Sometimes you see it coming before it happens, and despite what you know you are powerless to stop it. This wasn't like that. Somehow, despite all of my years of watching children fall, despite all these years of living on concrete I didn't anticipate the inevitable: when your child's hands and feet are bound (handcuff style, with plastic Hawaiian leis no less) and she is doing her best to wobble her way free from the preschool-age policeman in hot pursuit, she will fall. It was dull thud. Not the smack of flesh on smooth surface, but the dull ache of bone on stone. Instantly I was hauling her up (bound as she was) and the blood was immediately apparent. Teeth or chin? Chin or teeth? It is a question I've asked so many times over the years while holding and rocking, containing blood, applying ice, waiting for a bit of calm to assess the injury. Saying the silent "please let it be chin" prayer.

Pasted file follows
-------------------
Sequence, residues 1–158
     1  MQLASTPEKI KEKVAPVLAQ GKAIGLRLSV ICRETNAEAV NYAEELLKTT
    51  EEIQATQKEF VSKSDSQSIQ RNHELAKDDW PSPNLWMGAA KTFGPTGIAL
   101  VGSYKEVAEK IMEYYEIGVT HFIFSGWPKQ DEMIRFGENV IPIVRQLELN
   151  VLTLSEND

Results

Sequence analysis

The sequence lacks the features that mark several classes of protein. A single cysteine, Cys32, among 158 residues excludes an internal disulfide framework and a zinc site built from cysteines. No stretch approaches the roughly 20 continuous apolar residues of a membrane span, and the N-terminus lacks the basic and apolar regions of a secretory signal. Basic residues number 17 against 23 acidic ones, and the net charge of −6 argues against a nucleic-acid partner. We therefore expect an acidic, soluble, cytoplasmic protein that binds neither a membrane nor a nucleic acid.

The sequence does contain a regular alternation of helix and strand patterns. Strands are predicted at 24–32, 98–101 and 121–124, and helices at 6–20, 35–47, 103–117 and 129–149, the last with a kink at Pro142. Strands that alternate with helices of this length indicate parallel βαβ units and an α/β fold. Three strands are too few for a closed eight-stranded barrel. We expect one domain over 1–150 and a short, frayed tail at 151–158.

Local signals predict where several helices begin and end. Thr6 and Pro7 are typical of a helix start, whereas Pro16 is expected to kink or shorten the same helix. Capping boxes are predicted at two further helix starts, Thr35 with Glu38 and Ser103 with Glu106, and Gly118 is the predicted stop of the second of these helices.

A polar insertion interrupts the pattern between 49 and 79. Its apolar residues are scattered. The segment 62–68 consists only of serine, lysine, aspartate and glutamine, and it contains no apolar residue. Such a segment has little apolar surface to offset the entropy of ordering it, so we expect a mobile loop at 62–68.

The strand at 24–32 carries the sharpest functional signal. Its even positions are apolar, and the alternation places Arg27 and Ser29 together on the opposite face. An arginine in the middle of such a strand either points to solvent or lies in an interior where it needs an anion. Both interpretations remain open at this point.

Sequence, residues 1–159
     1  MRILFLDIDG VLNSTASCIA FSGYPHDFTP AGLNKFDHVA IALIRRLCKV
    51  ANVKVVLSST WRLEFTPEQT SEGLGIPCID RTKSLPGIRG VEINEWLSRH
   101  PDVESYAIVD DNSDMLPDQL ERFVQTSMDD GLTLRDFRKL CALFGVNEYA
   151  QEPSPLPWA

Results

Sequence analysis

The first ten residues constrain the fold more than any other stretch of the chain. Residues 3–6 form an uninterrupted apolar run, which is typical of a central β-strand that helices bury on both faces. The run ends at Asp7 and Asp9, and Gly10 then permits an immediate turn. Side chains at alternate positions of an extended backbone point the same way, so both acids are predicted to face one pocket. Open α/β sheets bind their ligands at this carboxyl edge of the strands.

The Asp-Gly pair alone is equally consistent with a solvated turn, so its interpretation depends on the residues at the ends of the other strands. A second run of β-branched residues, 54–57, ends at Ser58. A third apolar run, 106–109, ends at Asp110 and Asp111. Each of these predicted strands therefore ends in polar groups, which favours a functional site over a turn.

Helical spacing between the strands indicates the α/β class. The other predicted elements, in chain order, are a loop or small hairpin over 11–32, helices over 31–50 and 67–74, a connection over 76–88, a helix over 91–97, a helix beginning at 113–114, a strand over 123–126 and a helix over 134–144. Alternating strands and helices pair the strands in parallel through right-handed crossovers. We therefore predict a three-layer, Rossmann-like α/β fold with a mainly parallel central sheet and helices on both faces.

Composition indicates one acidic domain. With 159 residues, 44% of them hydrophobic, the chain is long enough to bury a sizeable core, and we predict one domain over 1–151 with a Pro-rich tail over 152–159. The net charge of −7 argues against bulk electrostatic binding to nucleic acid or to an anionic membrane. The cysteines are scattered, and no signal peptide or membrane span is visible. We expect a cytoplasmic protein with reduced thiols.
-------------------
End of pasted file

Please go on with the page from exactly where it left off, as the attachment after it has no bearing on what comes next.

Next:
It was. A little half inch split right on the smooth skin stretched taught across her sweet little chin. Half and inch, yet somehow a gaping, bloody, a ragged wound on my girl. I knew it meant stitches. And so we sat. Blood smeared on my hands, on the floor around us, neat little red blotches on her pink leotard and tights. I held the ice and stroked her brow. I took deep breaths and tried to will away the throbbing in my ears and sweating. I am not a fan of blood. Wylie hid upstairs (he is really not a fan of blood). Kale was being as helpful as he could: fetching the phone to call Papa, retrieving ice from the freezer, taking out the lap top for a bit of media therapy. It was quite a little scene.
After a short trip to the ER with Rob she was home, stitched, band aided, and nearly as good as new. At bedtime I showed her my scar from stitches as a kid, and Rob showed her the scar on his knee. She's a little sore, a little embarrassed, a little bit proud. She's got a new story to tell. My mother has always reminded us, "what doesn't kill you will make you stronger". I'm not convinced that's always the case, but wiser maybe. They won't be playing cops and robbers with hand cuffs again.